But, these numbers also show that in 2014 appeal tribunals were moving in the opposite direction to the Commission. The Department and the administrative law judges who issue appeal tribunal decisions seem to be finding concealment in circumstances that everyone agreed in 2013 was not concealment. Indeed, as the Commission’s decisions in 2014 reveal (see these posts), the Department and appeal tribunals are finding concealment in circumstances where only honest mistakes are being made.

The Department has not acknowledged this change in direction. Indeed, as described by the Commission in its memorandum, the Department has actively attempted to pretend that no change in concealment law has even occurred and has even implied to the Advisory Council that it is winning circuit court cases in reviewing the Commission’s concealment decisions. At the 19 March 2015 council meeting, for instance, the Department informed council members that a Dane County circuit court had already reversed one concealment decision by the Commission. As a result, the Commission’s memorandum also seeks to set the record straight to council members about what is actually happening with all of these concealment court challenges by the Department.

As described in the memorandum reviewing the history of unemployment concealment in Wisconsin, the Commission notes that five 2014 cases appealed by the Department have already led to courts affirming the Commission decisions at issue. See Commission concealment memorandum at 4. And, the Dane County case previously described by the Department as a reversal of a Commission decision was actually a remand because an “unnecessary” factual scenario, according to the judge, was not addressed in the Commission decision and the Department chose remand to address that issue rather than have the decision simply affirmed. See id. at n.9.

Understandably, the Department was not happy to have this memorandum in the hands of council members, and at the April 16th meeting Janell Knutson lashed out at the Commission for providing political analysis in place of legal reasoning. In addition, Scott Manley, WMC vice-president, publicly endorsed this view. As a result, the Commission’s memorandum may not lead to changes or a rejection of the Department’s proposed new definition of concealment. Even if the council takes no action on the Department’s proposed changes to concealment, this change may end up being added to the current budget bill just as the Department’s proposed substantial fault standard was added to the state budget after being rejected by the Advisory Council. See this prior post.

Still, the Commission’s memorandum is an excellent introduction to the issue of unemployment concealment and fraud. The memorandum not only details the flaws in the Department’s proposal — how the proposal mis-characterizes Commission decisions, mis-states the original intent of the concealment definition, runs contrary to information given to claimants and adjudicators, conflicts with federal fraud measures and standards, leads to fraud penalties for honest mistakes, and does nothing to stop improper payments before they occur — but it also offers an excellent description of the history of how the concealment definition was developed and applied. Anyone interested in unemployment law should read the Commission’s memorandum.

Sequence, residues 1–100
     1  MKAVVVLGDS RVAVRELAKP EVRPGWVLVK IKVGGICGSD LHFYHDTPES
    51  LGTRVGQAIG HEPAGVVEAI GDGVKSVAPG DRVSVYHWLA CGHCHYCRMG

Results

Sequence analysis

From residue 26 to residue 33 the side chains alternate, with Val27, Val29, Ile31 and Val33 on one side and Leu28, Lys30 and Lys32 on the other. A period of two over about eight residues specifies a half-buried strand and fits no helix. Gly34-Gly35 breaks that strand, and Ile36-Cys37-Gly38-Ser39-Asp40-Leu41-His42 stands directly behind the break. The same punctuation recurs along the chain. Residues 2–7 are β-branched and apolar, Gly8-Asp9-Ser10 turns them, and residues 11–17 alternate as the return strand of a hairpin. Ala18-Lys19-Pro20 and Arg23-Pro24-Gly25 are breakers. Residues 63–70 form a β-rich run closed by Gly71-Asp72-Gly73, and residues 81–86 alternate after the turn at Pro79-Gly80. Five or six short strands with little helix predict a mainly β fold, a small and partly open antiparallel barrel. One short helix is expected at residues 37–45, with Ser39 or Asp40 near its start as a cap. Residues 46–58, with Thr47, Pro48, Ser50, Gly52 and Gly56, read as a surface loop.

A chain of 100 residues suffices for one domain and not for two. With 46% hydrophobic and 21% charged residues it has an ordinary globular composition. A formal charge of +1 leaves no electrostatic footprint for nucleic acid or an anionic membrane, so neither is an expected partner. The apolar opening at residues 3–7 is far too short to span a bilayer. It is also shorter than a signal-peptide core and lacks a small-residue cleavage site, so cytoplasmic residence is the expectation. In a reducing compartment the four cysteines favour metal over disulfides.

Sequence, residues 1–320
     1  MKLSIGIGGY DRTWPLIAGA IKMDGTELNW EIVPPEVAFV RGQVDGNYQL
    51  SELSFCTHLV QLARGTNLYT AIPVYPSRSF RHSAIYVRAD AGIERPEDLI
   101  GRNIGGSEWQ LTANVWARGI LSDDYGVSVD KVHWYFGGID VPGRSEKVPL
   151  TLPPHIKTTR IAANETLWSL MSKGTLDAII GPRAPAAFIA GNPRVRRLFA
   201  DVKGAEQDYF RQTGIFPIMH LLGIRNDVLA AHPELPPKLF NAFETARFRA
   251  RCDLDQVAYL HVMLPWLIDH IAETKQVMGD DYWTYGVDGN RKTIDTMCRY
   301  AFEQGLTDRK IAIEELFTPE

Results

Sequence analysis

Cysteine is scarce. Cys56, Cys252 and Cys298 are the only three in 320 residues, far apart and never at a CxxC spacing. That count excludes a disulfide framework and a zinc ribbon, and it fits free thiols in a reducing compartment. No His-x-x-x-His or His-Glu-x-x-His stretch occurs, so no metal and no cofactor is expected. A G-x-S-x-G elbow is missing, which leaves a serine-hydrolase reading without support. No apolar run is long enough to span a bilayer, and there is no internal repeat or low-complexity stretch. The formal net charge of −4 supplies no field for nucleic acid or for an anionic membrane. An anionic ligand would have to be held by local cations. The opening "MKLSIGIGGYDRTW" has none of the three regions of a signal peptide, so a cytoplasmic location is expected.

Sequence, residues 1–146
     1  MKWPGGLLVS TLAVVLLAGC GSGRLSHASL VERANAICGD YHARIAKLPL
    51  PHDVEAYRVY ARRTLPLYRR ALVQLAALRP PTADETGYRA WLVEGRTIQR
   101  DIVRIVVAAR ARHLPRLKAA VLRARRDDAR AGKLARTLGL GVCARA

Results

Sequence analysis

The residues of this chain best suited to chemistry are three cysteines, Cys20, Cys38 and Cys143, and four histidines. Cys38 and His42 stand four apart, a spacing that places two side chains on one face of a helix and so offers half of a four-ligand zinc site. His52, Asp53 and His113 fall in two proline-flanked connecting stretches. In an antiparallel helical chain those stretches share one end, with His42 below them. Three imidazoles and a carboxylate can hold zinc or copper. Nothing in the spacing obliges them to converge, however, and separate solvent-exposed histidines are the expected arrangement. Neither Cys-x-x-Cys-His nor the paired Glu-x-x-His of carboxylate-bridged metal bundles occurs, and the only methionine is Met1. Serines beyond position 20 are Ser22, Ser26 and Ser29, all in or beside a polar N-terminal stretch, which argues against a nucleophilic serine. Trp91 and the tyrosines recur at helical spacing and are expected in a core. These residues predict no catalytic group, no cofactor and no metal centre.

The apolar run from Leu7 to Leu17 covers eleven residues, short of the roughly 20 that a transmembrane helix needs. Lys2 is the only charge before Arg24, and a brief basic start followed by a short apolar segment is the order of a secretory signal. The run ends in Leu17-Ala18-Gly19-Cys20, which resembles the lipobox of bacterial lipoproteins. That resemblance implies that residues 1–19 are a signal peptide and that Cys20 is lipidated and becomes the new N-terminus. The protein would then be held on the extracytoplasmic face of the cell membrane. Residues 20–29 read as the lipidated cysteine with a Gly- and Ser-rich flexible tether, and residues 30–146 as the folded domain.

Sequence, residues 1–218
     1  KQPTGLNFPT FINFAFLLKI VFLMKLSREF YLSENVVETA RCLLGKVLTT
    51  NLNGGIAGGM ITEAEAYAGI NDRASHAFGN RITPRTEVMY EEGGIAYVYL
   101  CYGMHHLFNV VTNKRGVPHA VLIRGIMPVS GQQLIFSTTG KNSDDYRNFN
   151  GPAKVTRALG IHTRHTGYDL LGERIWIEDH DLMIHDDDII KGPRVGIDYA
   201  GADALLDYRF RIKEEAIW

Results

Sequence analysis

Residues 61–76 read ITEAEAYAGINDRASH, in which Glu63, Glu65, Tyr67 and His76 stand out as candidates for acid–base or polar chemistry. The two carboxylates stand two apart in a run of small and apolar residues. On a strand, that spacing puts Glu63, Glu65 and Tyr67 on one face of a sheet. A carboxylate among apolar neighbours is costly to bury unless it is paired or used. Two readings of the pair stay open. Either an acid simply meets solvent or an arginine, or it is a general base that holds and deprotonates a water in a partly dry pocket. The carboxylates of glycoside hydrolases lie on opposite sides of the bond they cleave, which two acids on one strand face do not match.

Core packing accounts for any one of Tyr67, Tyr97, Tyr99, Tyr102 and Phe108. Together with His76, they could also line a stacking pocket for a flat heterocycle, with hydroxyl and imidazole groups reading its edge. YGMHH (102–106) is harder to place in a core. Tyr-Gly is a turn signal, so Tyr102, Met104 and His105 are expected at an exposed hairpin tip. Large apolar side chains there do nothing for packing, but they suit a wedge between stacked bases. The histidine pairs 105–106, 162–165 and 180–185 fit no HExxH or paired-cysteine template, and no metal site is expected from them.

Important and comprehensive concealment analysis from LIRC

LIRC has just published to its website a comprehensive analysis of concealment issues in unemployment cases.

The decision is lengthy, as concealment cases by their very nature require a week-by-week examination of wages and unemployment benefits. This case also has a complicated history (LIRC issued an earlier decision that DWD asked to be reconsidered), and LIRC is careful here to delineate what standards should apply in a finding of concealment, what Department investigations should entail, and the obligations of administrative law judges during hearings when confronted with claimants who have difficulty understanding what is happening to them in regards to the concealment allegations.

There are two main factual issues at stake in this decision. First, the claimant was confused by the change in how DWD asks claimants on their weekly claim certifications about work and wages or pay received. This issue is not new, but here LIRC goes into detail about why a compound question on weekly claim certifications is problematic. The Commission explains (footnotes removed):

The commission is not alone in finding compound questions like the department’s Question No. 4 a potential source of misunderstanding by claimants. In June 2011, the U.S. Department of Labor strongly encouraged states to review the wording of their continued claims certification form and telephone script to assess whether any questions or language should be made clearer to ensure claimants understand what is being asked. The following example was given:

If the certification form or script contains a two-part question such as:

  • Did you work and earn wages during the week?

Two separate questions could be asked instead, such as:

  • Did you perform any work during the week?
  • If you worked, what was the amount of wages you earned during the week (report wages earned whether or not these wages have been paid)?